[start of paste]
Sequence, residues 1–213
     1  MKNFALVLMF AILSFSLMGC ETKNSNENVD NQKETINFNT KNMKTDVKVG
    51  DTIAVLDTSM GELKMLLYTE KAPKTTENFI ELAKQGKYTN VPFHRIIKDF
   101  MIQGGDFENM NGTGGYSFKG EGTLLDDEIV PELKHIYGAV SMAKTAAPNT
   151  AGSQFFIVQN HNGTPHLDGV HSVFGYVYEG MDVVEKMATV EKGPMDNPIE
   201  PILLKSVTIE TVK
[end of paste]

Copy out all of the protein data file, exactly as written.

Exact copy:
Sequence, residues 1–213
     1  MKNFALVLMF AILSFSLMGC ETKNSNENVD NQKETINFNT KNMKTDVKVG
    51  DTIAVLDTSM GELKMLLYTE KAPKTTENFI ELAKQGKYTN VPFHRIIKDF
   101  MIQGGDFENM NGTGGYSFKG EGTLLDDEIV PELKHIYGAV SMAKTAAPNT
   151  AGSQFFIVQN HNGTPHLDGV HSVFGYVYEG MDVVEKMATV EKGPMDNPIE
   201  PILLKSVTIE TVK